Women were the screamers, the need-to-be-rescued love interests or the femme fatale and lethal to the well-being of the male protagonist. Tantra and Nutloaf are fighters, thinkers and guiders. They help to protect Stringent, further his quest and he gets nowhere with them sexually, as he is unable to fulfil his prostitution kink with women who live a free-love life. Hughes’s male characters lack the best of humanity. Stringent is morally questionable, with odd perversions; his ‘abnormalities’, finally, anticlimactically, revealed by Crinkle, are just a few odd physical quirks. Crinkle is selfish, over-intellectualised and becomes steadily more unbalanced due to a brain injury. The male HIPZIs are overly pacifist, weeping, weed-smoking, credulous and frankly wet. All the ‘baddies’ are male: greedy, power-mad or just plain mad. Yet it is still a man’s world: the girls can fight and think, but the action is driven by the men, and it is the male hippies who manage to convert a colony of old-fashioned, full-bloodied fascists into HIPZIs to start a new Utopia after losing their old home.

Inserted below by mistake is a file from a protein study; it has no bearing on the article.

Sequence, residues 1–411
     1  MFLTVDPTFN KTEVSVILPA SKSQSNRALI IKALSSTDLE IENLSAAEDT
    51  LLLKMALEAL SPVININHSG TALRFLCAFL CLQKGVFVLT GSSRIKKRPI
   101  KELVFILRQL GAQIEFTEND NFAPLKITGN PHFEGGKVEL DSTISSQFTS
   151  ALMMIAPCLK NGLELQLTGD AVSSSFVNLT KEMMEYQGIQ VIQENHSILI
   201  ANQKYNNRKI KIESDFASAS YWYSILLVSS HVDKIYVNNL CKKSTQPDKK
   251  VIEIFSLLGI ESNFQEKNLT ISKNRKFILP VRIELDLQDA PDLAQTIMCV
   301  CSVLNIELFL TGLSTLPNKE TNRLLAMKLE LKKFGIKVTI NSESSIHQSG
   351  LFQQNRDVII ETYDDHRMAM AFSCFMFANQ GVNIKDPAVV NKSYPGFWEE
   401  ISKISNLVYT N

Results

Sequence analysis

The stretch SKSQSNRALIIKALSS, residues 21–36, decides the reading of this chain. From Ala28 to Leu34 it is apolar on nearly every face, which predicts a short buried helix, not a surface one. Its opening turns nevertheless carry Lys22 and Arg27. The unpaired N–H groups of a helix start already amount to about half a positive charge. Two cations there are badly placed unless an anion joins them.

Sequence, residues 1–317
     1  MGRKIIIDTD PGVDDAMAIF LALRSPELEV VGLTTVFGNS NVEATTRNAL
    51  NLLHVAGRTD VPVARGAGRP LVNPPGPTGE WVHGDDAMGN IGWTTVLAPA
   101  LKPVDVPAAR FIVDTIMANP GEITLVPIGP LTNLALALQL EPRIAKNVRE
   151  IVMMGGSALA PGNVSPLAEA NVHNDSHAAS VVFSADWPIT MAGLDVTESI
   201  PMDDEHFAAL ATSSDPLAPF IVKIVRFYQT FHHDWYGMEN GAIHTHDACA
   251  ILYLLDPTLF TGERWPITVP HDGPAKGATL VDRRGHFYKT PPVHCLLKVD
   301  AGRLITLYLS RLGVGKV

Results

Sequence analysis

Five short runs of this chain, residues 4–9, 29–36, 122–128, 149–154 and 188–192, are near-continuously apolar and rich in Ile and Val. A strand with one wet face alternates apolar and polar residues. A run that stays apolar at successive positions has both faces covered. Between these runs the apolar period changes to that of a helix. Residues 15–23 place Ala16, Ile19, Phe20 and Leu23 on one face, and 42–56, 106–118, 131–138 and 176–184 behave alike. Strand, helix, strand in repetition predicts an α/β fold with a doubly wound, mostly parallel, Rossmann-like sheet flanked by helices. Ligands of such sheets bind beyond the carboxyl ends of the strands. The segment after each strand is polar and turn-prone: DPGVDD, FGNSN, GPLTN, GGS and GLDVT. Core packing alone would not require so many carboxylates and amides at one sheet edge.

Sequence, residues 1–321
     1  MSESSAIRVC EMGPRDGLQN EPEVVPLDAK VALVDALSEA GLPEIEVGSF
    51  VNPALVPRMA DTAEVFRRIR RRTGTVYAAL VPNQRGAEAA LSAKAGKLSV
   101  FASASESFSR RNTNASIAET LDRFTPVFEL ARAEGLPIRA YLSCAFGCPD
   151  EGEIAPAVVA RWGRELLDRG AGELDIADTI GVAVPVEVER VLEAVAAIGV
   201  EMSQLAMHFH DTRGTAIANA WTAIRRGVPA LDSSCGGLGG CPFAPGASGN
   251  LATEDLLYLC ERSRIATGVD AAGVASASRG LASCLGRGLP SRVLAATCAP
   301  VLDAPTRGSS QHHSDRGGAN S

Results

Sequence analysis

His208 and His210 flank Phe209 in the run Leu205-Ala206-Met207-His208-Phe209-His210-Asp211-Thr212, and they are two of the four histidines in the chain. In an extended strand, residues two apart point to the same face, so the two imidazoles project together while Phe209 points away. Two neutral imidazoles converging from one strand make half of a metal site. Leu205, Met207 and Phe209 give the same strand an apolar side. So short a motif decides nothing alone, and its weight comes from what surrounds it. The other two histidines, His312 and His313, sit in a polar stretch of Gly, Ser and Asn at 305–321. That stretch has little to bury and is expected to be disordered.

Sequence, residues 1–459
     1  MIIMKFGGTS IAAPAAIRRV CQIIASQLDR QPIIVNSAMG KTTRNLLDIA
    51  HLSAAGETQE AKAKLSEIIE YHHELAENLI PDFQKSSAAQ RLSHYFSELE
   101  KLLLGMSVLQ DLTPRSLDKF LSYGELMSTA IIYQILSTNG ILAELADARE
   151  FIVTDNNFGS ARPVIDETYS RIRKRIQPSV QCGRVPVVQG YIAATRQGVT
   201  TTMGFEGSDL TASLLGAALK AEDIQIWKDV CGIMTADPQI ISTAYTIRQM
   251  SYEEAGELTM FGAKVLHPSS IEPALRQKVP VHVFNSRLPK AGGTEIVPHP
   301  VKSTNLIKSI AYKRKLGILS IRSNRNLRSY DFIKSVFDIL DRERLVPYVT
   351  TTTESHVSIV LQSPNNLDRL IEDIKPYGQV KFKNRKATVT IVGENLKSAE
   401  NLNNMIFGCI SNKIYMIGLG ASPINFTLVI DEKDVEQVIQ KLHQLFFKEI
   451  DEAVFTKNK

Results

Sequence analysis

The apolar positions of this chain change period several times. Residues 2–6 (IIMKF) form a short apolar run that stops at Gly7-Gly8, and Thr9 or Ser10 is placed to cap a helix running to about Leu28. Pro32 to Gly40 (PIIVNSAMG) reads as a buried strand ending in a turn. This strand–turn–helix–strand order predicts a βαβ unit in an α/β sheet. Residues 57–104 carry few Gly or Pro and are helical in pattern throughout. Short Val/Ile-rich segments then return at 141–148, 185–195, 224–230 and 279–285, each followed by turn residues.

The biggest joke is on the reader’s expectation: take nothing for granted with Hughes! The title of the book is a red herring, giving huge import to the hero and his potential amazingness, when he’s basically a strange mutant hybrid: normally a supporting role or a figure beyond the pale of the ‘goodies.’ But it is better than, say, ‘Some Stuff That Happens to Stringent Strange’! After all, the title has to be DRAMATIC, because pulp fiction is excess. No more is this better exemplified by the use of exciting highs of action at the end of each chapter. The trick is to make the reader want to keep reading. It’s a bit corny, but pulp is corny, too. Hughes delivers in spades, whilst keeping an eye to his surreal interjections, and a firm hand on the reins. Never did it feel as if the book was running away with itself and losing momentum and internal coherence by doing so. The very real authorial quality is apparent in this; and presents a paradox. In order to break authorial dominance; to give life beyond the narrative to his characters and structure, Hughes has to exert some pretty tight editorial control.